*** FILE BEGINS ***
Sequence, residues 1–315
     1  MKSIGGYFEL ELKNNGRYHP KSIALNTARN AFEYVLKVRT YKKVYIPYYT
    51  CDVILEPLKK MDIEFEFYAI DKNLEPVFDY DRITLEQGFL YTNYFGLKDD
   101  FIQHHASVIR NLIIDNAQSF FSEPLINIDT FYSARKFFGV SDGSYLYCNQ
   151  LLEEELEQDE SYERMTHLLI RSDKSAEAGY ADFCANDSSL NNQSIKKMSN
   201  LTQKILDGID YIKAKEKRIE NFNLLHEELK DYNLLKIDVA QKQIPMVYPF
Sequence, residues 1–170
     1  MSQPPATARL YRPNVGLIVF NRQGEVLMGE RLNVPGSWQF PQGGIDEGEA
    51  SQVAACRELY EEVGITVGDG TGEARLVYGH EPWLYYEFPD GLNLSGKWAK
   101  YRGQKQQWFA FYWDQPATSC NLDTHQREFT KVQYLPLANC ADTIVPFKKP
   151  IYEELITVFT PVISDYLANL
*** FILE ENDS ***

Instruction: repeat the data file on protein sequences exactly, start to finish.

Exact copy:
Sequence, residues 1–315
     1  MKSIGGYFEL ELKNNGRYHP KSIALNTARN AFEYVLKVRT YKKVYIPYYT
    51  CDVILEPLKK MDIEFEFYAI DKNLEPVFDY DRITLEQGFL YTNYFGLKDD
   101  FIQHHASVIR NLIIDNAQSF FSEPLINIDT FYSARKFFGV SDGSYLYCNQ
   151  LLEEELEQDE SYERMTHLLI RSDKSAEAGY ADFCANDSSL NNQSIKKMSN
   201  LTQKILDGID YIKAKEKRIE NFNLLHEELK DYNLLKIDVA QKQIPMVYPF
Sequence, residues 1–170
     1  MSQPPATARL YRPNVGLIVF NRQGEVLMGE RLNVPGSWQF PQGGIDEGEA
    51  SQVAACRELY EEVGITVGDG TGEARLVYGH EPWLYYEFPD GLNLSGKWAK
   101  YRGQKQQWFA FYWDQPATSC NLDTHQREFT KVQYLPLANC ADTIVPFKKP
   151  IYEELITVFT PVISDYLANL